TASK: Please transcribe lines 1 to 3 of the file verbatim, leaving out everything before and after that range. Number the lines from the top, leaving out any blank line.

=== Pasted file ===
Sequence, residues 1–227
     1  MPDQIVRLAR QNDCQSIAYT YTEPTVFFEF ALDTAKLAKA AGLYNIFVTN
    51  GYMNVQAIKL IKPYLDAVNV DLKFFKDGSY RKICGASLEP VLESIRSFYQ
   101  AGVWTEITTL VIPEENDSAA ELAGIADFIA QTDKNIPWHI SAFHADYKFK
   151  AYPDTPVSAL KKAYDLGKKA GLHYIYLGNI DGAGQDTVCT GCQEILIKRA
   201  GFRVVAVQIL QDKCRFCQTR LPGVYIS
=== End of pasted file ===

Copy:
Sequence, residues 1–227
     1  MPDQIVRLAR QNDCQSIAYT YTEPTVFFEF ALDTAKLAKA AGLYNIFVTN
    51  GYMNVQAIKL IKPYLDAVNV DLKFFKDGSY RKICGASLEP VLESIRSFYQ